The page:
Landships II

Members Login
Username 
 
Password 
    Remember Me  
Post Info TOPIC: French-made Documentary on WWI Tanks, on Netflix.


Legend

Status: Offline
Posts: 3567
Date:
French-made Documentary on WWI Tanks, on Netflix.
Permalink   


If you can access Netflix, there's a French-made series on tanks. Trailer here: https://www.youtube.com/watch?v=fd9lXU7Uj8Q

Episode 1 covers 1914-18. It has many old favourite errors (tank chronology all over the place, Mark Vs at Cambrai ) and some new ones (confuses Ford Two-man with FT, Italian troops with Austrian).

An unusual approach. Although French-made, it's not particularly francocentric. It starts with Burstyn (or Lootenant Borsteen, as the commentator repeatedly says), and more or less credits him as the inventor of the tank. Estienne later "revives Burstyn's idea".

Guest talking head is David Willey, curator at Bovington, and I'm not sure I agree with everything he says in this film.

Anyway, the English title is "Age of Tanks." I'll be interested to hear views.



__________________

"Sometimes things that are not true are included in Wikipedia. While at first glance that may appear like a very great problem for Wikipedia, in reality is it not. In fact, it's a good thing." - Wikipedia.



Legend

Status: Offline
Posts: 3567
Date:
Permalink   

I've watched this a few times, and some interesting details emerge. (BTW, if you haven't got Netflix on your TV, you can get a month's free trial and watch stuff on your PC or phone. You need a credit card and password. They don't charge until after the free month. They remind you three days before your trial ends. You can cancel anytime. See the Netflix website.)

One mildly interesting thing is that after about 16' 20" there's a clip of Briish officers inspecting Little Willie indoors. The only place I've seen this clip before is in the archives at King's College.

Also, after 29' 10" it mentions The Tanko, the song that appeared in the musical revue Vanity Fair as discussed here: https://www.youtube.com/watch?v=tVhdyiVjmtM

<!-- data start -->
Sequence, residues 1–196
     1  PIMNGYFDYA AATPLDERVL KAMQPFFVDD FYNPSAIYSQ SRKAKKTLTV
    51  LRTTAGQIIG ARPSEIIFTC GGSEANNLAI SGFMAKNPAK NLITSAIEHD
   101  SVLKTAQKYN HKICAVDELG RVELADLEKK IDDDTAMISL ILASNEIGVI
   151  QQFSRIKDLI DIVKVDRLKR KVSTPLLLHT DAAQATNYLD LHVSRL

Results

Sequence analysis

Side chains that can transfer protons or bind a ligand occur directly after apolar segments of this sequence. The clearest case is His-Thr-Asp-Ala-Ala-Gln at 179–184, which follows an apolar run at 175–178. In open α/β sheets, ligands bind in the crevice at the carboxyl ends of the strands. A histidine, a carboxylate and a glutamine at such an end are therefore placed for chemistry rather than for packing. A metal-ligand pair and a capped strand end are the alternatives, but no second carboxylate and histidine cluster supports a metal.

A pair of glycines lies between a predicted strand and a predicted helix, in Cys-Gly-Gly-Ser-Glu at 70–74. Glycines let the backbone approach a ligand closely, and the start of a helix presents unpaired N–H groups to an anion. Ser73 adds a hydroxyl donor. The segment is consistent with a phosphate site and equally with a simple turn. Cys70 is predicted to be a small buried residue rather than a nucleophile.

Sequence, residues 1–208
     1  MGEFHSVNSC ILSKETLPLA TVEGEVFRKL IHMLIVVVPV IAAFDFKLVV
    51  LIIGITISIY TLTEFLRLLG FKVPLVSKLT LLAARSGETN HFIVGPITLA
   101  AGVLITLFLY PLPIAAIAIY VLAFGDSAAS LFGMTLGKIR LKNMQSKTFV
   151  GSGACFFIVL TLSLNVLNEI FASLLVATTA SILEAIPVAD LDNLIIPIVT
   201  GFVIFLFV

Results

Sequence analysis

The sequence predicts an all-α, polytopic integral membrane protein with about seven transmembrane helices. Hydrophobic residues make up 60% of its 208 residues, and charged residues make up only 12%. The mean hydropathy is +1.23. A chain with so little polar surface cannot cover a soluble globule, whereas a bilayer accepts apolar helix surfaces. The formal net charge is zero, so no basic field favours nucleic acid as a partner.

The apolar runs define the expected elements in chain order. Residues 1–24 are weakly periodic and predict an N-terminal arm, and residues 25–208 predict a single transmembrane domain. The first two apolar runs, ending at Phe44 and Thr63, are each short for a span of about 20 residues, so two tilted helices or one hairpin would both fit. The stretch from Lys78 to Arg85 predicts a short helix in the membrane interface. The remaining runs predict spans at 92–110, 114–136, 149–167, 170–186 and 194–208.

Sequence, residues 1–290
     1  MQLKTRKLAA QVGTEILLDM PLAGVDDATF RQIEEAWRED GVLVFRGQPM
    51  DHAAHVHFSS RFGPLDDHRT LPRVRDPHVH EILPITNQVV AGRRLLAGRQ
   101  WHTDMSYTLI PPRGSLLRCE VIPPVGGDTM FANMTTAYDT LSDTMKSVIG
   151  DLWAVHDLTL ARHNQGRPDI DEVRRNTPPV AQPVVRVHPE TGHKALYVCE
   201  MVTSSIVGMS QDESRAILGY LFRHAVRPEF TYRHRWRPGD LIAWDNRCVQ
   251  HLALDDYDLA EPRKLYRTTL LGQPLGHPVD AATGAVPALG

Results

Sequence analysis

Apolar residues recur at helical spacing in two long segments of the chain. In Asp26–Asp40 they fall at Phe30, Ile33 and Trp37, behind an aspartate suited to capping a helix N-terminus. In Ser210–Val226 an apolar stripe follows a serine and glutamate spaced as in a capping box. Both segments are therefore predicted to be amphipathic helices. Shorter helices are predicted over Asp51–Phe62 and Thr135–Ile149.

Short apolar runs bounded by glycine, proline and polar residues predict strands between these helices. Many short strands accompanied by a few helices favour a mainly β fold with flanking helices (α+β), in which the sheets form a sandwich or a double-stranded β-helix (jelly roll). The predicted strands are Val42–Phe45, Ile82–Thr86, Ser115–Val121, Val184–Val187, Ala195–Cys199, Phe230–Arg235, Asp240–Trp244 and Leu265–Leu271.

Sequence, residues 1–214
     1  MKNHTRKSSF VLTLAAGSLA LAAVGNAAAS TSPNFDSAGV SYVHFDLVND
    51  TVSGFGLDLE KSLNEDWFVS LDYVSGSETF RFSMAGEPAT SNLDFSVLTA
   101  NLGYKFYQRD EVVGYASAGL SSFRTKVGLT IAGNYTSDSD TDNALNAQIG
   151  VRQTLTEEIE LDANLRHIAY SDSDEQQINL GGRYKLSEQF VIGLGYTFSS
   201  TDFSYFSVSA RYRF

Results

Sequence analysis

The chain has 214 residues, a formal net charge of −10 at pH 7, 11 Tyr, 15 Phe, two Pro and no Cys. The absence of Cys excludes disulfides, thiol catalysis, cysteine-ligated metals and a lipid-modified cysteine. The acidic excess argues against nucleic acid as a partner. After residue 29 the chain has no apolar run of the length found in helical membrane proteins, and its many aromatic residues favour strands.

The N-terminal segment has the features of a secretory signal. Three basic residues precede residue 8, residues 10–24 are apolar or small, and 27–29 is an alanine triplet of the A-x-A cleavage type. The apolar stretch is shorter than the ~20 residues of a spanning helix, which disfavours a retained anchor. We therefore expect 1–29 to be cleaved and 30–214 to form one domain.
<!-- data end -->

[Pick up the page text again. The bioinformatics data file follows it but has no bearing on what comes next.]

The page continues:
The sheet music for the song and scenes from Vanity Fair are mixed with other images that on closer inspection are from a different production - the caption points out that they depict part of the act of Harry Tate, a very popular music hall artist of the time, at the Empire theatre. This revue was called Razzle Dazzle. A bit of research turns up plenty of favourable references to "Mr. Tate's cardboard tank . . . as mirth-provoking as the real thing" - presumably a reference to the testimony of British soldiers that their reaction on first seeing tanks was laughter. Sassoon would have been even less pleased.

Harrytate_tank1.jpg

 

Harrytate_tank2.jpg

I don't know what the act involved, but it seems to include a couple of Etonians and a gent who might be David Lloyd George. How or why they end up under the tank isn't explained. Perhaps it's some sort of political statement . . .



Attachments
__________________

"Sometimes things that are not true are included in Wikipedia. While at first glance that may appear like a very great problem for Wikipedia, in reality is it not. In fact, it's a good thing." - Wikipedia.

Page 1 of 1  sorted by
 
Quick Reply

Please log in to post quick replies.

Tweet this page Post to Digg Post to Del.icio.us


Create your own FREE Forum
Report Abuse
Powered by ActiveBoard